Thursday, June 14, 2012

Tutorial :: 1960s French Twist with Flowers

I'm so excited to share this tutorial with you today. It was the look I taught at my first Wanderlust workshop and it looked so lovely on all of the students. I had students with kinky curls, a few long bobs, some long thick hair and fine hair and even some severe cowlicks were thrown in the mix. I loved that because it proved that you can do just about anything with all hair textures.

Another big reason why I'm excited to share this tutorial is because a lot of great people came together to put these workshops and tutorials together. One was the amazing illustrator Samantha Hahn who created beautiful how-to's for all of my Wanderlust workshops. The others were Rusk Products and Babyliss Pro tools which have provided me and Wanderlust with the products and tools necessary for all of our workshops. I couldn't be more thrilled about it. The Savoir Faire group and entire Wanderlust team has been so great to work with. If you're in Paris you should really drop by sometime, they have such fun things in store this summer.

We added summer flowers to our French Twists to make them a little less "proper", they added a nice summery touch and I'd highly recommend it. I bought our flowers for such a great price at Le Marché des Enfants Rouge (I think that's my favorite flower shop in Paris).

Here's what you need-
- root lift
- blow dryer
- flat boar bristle brush
- two bobby pins
- a lot of hair pins

Prep your hair with Rusk Blofoam in order to give it that "perfectly dirty" texture that is needed for hairstyles, especially ones like this. Blofoam is a root lift that is meant to be sprayed on your roots for volume, but for this look I would actually spray it liberally from roots to ends. At the workshop, most students were skeptical of the amount of product I told them to use, but in the end, the chignons that looked the best were the ones that had the most product in them. With this style, product is your best friend - your hair will be easier to mold and manage if it has the right foundation and will hold pins longer. That’s how you make sure your chignon lasts as long as you'd like it to.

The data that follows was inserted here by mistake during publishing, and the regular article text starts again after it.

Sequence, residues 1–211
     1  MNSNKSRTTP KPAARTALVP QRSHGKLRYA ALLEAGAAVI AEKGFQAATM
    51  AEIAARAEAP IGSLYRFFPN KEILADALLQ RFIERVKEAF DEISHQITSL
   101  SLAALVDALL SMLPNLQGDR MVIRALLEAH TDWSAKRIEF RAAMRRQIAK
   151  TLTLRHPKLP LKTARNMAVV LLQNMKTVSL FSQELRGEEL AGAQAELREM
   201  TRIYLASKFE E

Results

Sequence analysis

Once you've sprayed this all over your hair, blow dry it in using just your fingers to comb it toward the back of your head. That is where your chignon will be, and you want to get your hair used to going in that direction.

1. Backcomb all of your hair. This will build texture and volume in your hair, which will make your chignon easier to wrap up and pin. Don't be afraid of backcombing everything.

To backcomb your hair with a flat, boar bristle brush, divide it into three sections. One is a U-shape section at the top of your head, and the rest of your hair will be split down the middle and separated into the other two. Backcomb mostly at the roots and continue through your ends. Click here to learn how to properly backcomb hair.

2. Lightly brush the surface of your hair, around your hairline and pin the top section back by making an "x" with two bobby pins.

3. Grab the right section of hair and include half of the hair you just pinned back from the top and twist downwards to create your "French Twist". Twist your hair and tuck it all inside itself, similar to how a victory roll is twisted. You can certainly use a chop stick to make it easier.

Once everything is twisted where you'd like it, start pinning away! Begin at the bottom of the twist and add pins consecutively until you reach the top. Make sure to hide your pins like this.

4. Repeat on the other side and pin, pin, pin!

*see more Wanderlust photos on She Lets Her Hair Down facebook page

Photos by David McDonald
Illustrations by Samantha Hahn
Thank you to Rusk and Babyliss Pro for providing products and tools


Lost In Cheeseland said...

So great! Hope to catch the next workshop (and learn a few things!)

Kristen said...

I LOVE IT! I wish I were there!!

Lexy @ The Proper Pinwheel said...

yes yes yes! i love this whole look and the flowers are so whimsical!

Shared over on the ole' blog today!


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